Should we follow all our dreams?

It’s strange how once you start to get on a “theme”, everything you read seems to connect to this line of thought!  I started the year with the realisation that instead of seeking excitement and success, perhaps we could spend more time appreciating “an ordinary day”. This was sparked by the recent run of tragic events that have been headlined since before Christmas.

This week I came across a blogger who has some fascinating articles and whose content resonated with me – given my recent area of interest! Mark Manson is his name. One particular article argued that point that not all dreams should be pursued!  I read on.  

Manson very clearly draws the line between dreams and fantasy, making the point that fantasies “never have negative repercussions” whereas reality does. He gives the example of someone wanting to be a rock star and yet when faced with the reality of it, he really didn’t want everything that went with it.  What he really wanted was the thrill of recognition and appreciation – not the task of writing new songs.  Perhaps another analogy is someone wanting to be a super model, or perhaps a top Olympic athlete. The thought seduces them into believing that this would give them happiness and satisfaction.  Yet when they look closely at what goes along with that kind of success, would they really want the arduous commitment of dieting, training, spending hours on grooming and wondering if people liked them for their position or who they really were as people.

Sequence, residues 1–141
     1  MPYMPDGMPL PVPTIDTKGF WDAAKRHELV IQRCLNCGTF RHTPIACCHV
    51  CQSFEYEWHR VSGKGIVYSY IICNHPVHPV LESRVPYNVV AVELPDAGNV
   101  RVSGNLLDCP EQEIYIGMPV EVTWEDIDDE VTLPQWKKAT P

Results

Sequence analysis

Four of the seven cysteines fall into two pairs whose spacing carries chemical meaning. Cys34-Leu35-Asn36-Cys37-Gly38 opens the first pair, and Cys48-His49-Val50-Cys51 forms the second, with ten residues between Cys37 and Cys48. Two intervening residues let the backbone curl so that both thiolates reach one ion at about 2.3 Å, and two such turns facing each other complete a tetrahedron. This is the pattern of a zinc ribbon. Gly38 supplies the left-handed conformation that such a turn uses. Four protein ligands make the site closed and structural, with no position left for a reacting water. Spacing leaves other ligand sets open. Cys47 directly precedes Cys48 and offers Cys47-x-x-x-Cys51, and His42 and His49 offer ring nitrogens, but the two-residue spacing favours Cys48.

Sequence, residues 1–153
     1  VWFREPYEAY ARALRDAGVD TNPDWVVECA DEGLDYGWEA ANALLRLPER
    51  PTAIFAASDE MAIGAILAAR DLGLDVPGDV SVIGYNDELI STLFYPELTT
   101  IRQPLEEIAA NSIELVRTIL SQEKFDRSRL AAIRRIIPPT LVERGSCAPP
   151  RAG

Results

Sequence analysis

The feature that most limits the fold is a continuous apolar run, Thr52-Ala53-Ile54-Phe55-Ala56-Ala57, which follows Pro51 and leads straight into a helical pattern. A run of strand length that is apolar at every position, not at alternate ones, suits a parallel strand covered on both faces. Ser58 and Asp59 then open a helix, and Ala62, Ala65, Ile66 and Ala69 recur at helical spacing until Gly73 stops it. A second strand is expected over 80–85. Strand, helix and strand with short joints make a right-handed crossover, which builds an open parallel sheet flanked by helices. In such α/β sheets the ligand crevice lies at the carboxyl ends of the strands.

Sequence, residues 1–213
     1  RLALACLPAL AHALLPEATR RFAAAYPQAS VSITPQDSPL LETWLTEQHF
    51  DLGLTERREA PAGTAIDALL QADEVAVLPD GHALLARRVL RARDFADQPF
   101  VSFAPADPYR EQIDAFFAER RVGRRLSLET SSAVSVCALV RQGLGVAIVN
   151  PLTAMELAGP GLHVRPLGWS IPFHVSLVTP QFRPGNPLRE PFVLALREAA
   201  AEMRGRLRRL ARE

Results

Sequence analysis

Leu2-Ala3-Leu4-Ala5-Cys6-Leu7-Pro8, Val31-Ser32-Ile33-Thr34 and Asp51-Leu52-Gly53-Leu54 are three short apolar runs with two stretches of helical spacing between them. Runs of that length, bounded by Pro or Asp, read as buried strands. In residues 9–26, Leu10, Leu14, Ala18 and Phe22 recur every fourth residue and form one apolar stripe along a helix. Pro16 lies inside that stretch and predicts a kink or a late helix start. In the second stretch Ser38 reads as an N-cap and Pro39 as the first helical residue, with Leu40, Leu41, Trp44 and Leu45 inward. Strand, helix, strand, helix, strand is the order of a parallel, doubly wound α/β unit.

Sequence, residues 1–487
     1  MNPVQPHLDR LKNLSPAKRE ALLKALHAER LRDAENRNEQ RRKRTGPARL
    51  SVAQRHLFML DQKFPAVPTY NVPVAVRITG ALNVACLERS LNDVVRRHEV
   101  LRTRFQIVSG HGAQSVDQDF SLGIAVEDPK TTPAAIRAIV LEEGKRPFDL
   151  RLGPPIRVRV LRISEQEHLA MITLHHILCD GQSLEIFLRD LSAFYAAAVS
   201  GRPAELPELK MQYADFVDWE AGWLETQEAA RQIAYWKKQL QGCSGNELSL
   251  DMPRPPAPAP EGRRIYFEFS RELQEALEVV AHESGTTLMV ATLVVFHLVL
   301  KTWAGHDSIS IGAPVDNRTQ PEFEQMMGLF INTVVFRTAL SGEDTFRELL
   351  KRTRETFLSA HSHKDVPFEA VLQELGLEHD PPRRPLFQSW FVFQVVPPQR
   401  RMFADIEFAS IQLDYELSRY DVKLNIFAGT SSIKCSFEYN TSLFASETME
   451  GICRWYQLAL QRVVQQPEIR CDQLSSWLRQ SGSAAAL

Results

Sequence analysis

I like to think that Wellness Coaches encourages people to look at realistic change whereas people may seek out a Life Coach to help them gain the kind of success referred to above.  This may be an unfair statement as there are many great life coaches out there, doing some good work with people to improve their lives.  However, tying goals into “wellness” somehow keeps the dream real and helping someone look long and hard at what is motivating and driving them ensures they understand what they really want or why they want it.  Is it fame and screaming crowds that the rock star will experience or the need for recognition and appreciation?  Or in our example closer to home, is it physical perfection and ability or simply the drive to connect with others and feel in control of their physical health.  Are there other ways to do this?

Manson does not suggest that we do not pursue our dreams.  Just that “we use a little caution”.  Two of his quotes stand out.  “Reality is messy.” And the profound comment made by Jim Carrey – “I hope everybody could get rich and famous and have everything they ever dreamed of – so they will know it’s not the answer.”